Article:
With François Hollande’s election on Sunday as the next president of France, the next big decision point will be the president-elect’s appointment of a candidate for prime minister.
The designee will take a primary role in the upcoming June 10 and June 17 parliamentary elections and if, as is traditional, the winning presidential candidate’s party wins those elections with a majority in the Assemblée nationale, Hollande’s designee will become the head of government.
Outgoing president Nicolas Sarkozy’s center-right Gaullist Union pour un mouvement populaire, together with affiliated groups, together hold 345 seats in the current legislature, to just 227 for the left, including just 186 seats for Hollande’s Parti socialiste. While it is typical in France for the winning presidential candidate’s party to win the election, which comes less than a month after Hollande’s decisive victory in the presidential election, Marine Le Pen’s Front national — which won almost 19% of the vote in the first round of the presidential election — will be running very hard to win seats as well, especially given the aimless state of the now-decapitated UMP, which will be somewhat driftless without Sarkozy’s leadership.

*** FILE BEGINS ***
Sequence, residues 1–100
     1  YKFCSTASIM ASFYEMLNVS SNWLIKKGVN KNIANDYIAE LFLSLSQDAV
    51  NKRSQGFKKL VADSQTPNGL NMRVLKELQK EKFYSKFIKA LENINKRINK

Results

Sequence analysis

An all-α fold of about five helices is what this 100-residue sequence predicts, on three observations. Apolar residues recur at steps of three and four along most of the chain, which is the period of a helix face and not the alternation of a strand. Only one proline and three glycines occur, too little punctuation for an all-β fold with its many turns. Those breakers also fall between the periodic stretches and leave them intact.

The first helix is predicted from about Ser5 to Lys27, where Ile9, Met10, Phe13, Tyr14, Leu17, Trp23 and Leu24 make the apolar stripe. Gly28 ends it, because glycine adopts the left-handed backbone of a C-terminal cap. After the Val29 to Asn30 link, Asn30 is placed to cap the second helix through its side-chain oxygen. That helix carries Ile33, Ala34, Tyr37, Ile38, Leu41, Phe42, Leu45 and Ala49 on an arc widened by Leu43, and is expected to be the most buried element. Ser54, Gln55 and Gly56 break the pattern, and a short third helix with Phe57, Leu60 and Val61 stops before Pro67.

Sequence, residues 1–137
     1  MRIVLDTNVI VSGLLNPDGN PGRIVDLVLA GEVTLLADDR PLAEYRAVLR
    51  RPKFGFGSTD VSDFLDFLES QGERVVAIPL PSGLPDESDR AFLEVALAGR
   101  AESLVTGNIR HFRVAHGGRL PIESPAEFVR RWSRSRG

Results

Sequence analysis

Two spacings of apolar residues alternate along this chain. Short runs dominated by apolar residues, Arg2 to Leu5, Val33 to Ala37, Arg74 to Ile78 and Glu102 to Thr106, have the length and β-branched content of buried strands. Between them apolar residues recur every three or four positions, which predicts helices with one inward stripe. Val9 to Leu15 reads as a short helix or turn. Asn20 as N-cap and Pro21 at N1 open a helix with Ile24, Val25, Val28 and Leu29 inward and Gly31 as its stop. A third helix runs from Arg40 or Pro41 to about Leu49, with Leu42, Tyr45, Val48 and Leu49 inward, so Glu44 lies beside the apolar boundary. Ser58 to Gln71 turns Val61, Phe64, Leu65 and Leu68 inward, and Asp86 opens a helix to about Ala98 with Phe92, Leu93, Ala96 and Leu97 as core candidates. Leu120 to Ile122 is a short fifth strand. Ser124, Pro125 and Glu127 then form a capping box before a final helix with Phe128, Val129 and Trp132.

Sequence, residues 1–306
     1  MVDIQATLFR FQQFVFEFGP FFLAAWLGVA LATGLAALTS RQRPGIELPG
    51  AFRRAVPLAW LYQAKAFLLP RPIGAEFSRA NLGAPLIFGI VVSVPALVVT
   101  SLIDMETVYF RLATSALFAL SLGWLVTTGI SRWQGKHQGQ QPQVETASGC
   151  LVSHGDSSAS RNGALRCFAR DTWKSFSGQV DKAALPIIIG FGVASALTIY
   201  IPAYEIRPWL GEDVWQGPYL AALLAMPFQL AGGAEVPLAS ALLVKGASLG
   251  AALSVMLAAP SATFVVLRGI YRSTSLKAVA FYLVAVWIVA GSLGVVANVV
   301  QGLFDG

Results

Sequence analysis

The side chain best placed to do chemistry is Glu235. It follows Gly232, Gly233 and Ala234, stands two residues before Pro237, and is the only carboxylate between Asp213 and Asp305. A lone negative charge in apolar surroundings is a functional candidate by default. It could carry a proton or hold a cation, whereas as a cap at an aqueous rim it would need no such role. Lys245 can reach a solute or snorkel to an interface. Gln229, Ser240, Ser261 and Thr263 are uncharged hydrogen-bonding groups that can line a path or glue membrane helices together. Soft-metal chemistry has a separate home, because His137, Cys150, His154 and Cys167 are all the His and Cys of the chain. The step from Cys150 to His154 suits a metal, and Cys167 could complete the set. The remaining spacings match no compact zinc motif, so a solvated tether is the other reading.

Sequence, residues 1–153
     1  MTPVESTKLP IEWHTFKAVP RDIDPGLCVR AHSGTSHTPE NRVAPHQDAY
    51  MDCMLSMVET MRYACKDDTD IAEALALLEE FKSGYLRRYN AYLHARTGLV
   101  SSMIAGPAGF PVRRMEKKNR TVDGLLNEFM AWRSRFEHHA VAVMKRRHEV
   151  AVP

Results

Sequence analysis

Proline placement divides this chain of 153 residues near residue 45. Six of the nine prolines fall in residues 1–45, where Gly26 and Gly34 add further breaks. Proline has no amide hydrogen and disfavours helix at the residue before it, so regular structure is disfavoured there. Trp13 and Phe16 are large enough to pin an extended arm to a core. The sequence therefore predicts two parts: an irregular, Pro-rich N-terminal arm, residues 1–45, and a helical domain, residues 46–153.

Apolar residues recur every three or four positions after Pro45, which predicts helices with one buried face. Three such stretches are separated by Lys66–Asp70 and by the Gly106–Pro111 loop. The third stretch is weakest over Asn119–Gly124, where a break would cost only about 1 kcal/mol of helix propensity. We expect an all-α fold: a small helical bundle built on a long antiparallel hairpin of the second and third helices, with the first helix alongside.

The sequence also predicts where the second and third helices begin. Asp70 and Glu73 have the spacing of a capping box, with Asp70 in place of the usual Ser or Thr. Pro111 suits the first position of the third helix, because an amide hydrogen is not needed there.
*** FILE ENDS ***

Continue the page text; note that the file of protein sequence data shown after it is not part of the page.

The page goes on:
Under France’s two-round parliamentary election system, a candidate wins over 50% of the vote in the first round (and at least 25% support of all registered voters in a precinct), he or she is elected. If not, each candidate with over 12.5% support of all registered voters (or, alternatively, the top two vote-winners if no two candidates have received 12.5%) advances to the second round, where the candidate with the most votes is elected to parliament.
As such, Hollande’s choice will be the first important signal that he provides to France, to Germany, to the rest of Europe and to the debt market as to the direction he hopes to take the French government over the next five years.
With 2002 presidential candidate Ségolène Royal — Hollande’s former partner and the mother of his children — tipped to become the president of the Assemblée nationale if the PS wins the June election, and with one-time presidential frontrunner and former IMF chief Dominique Strauss-Kahn battling legal accusations on both sides of the Atlantic, two main candidates have emerged in the media since Hollande’s election — Martine Aubry, Hollande’s rival for the PS presidential nomination and first secretary of the PS, and Jean-Marc Ayrault, president of the PS parliamentary group in the Assemblée nationale. In addition, former prime minister Laurent Fabius, Hollande campaign manager Pierre Moscovici, former Civil Service minister Michel Sapin and campaign communications chief Manuel Valls have also been mentioned as potential prime ministers.
So who are these potential prime ministers, how would they be received and how likely are their appointments? Continue reading From Aubry to Ayrault: who will Hollande choose as France’s next prime minister?